Tag Archive for 'L.K. Advani'

Ab bus karo, please!

Yatras, fasts, bandhs, gheraos are old political tricks inherited by an independent India; last century’s tactics to deal with this century’s problems. And, yet, India has moved on. Why then have our politicians failed to come up with new ideas, writes Namita Bhandare in Hindustan Times.

Uh-oh, there he goes again.

Like an Annual Day school theme, every edition of L.K. Advani’s rath yatra comes with its own slogan. This one’s against corruption. And black money. Heck, it even has its own rock anthem: Ab bus. (Bus? What happened to the rath?)

If you’re looking for novelty, look elsewhere. In the past one month, six different politicians will be rolling out their own yatras. There’s a sewa yatra by Nitish Kumar and a kranti yatra by Akhilesh Yadav. Even yoga teacher-turned anti-corruption crusader Baba Ramdev has a yatra – no word yet on whether comely girls in eye-catching leotard will perform roadshow asanas.

There’s a sense of déjà vu: been there, seen that. Advani is a veteran; this is his sixth roadshow since 1990’s Somnath to Ayodhya tour. The story goes that Advani was planning a padyatra, or walking tour, to drum up support for the Ram mandir when Pramod Mahajan came up with the idea of converting a truck into a ‘rath’ because a walk would take too long. The plan worked; newspapers reported how people were flocking to the rath, smearing dust from its tyres on their foreheads. The BJP won the next election, even though it was A.B. Vajpayee not Advani who became prime minister.  Continue reading ‘Ab bus karo, please!’

Don’t fix history, look at the future

Chetan Bhagat, author of the bestseller, One Night @ the Call Centre, in the Times of India:

The BJP is screaming that Mr Jinnah was not indeed as secular as claimed by Jaswant Singh. Experts on TV are citing events in 1932 which prove that Jinnah was a good person; countered by an equal number of experts citing historical events which prove that Jinnah did terrible things.

To answer the Jinnah question from the point of view of the young generation – Who cares?

Really, whether Mr Jinnah did wonderful things or he did horrible things and whatever point of view your party likes to take – who gives a damn? How is this relevant to the India we have to build today? Are we electing leaders for the future or selecting a history teacher?

The strange thing is the media buys into this pointless debate – about Mr Jinnah being good or bad and spends hours discussing it. By doing so, it gives legitimacy to the whole exercise.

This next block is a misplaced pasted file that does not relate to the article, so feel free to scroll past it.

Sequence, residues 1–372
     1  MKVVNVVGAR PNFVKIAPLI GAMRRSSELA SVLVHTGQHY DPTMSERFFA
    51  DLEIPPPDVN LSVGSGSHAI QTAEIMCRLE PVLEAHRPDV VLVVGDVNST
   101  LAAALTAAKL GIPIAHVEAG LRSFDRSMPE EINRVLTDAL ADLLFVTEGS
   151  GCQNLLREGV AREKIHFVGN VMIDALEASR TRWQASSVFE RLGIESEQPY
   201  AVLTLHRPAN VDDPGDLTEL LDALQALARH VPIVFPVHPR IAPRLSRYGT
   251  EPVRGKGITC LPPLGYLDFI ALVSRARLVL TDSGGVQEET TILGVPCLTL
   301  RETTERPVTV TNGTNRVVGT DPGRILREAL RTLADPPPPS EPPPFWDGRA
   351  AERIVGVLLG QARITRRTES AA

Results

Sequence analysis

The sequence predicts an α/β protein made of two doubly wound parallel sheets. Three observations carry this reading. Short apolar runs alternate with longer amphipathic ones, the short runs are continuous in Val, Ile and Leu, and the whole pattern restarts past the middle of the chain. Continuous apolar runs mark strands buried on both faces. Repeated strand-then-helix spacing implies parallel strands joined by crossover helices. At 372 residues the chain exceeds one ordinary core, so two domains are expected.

Meanwhile, the young generation fails to understand why do our politicians become so passionate defending these relics of the past? Why don’t they have a fanatical debate about how fast we will make roads, colleges, bridges and power plants? Why don’t people get expelled over current non-performance rather than historical opinions? Why don’t we ban useless government paperwork rather than banning books about dead people? More:

Who demolished the Babri Masjid?


On 6 December 1992, a mob of Hindu militants tore down the 16th Century Babri Masjid in Ayodhya, north India, sparking nationwide communal riots in which nearly 2,000 people were killed. The mob claimed the site where the mosque stood used to be a temple marking the birthplace of a popular Hindu god. (The Wiki link to Babri Masjid background)

Ten days later, on 16 December 1992, the government set up a commission of inquiry headed by the retired judge of Supreme Court, M S Liberhan, to probe the events that led to the demolition of the Babri Masjid.

Seventeen years later, after 48 extensions and some 4,000 sittings, the Liberhan Commission submitted its report to ther Prime Minister on June 30, 2009.

The report indicts the right-wing Bharatiya Janata Party and its leaders, including LK Advani,Kalyan Singh, Uma Bharti, Murli Manohar Joshi, Ashok Singhal and Vinay Katiyar. The Commission also questions the inaction of the them Prime Minister P V Narasimha Rao. (More here, here and here)

Tearing down the Babri Masjid

Mark Tully, who was reporting for the BBC, witnessed at first hand the destruction of the mosque. His account of that day:

On 6 December 1992, I was standing on the roof of a building with a clear view of the Babri Masjid in Ayodhya.

This was the day the Bharatiya Janata Party (BJP) and other organisations supporting it were to begin work on building the temple, but they had given a commitment to the government and the courts that it would only be a symbolic start, a religious ceremony and no damage would be done to the mosque.

A vast crowd, perhaps 150,000 strong, had gathered and was listening to speeches given by BJP and right-wing Vishwa Hindu Parishad (VHP) leaders. More:

Another eyewitness report by Sunita Aaron in the Hindustan Times:

A huge crowd, watched over by a large posse of security men, had gathered around the barricaded Babri Masjid, or ‘disputed structure’ as it was called. We managed to reach the podium from which Sangh Parivar leaders, with the Vishwa Hindu Parishad in the forefront, were making speeches.

The speeches were the same, no different from what we’d been hearing for years, about the Babri Masjid being a ‘symbol of slavery’.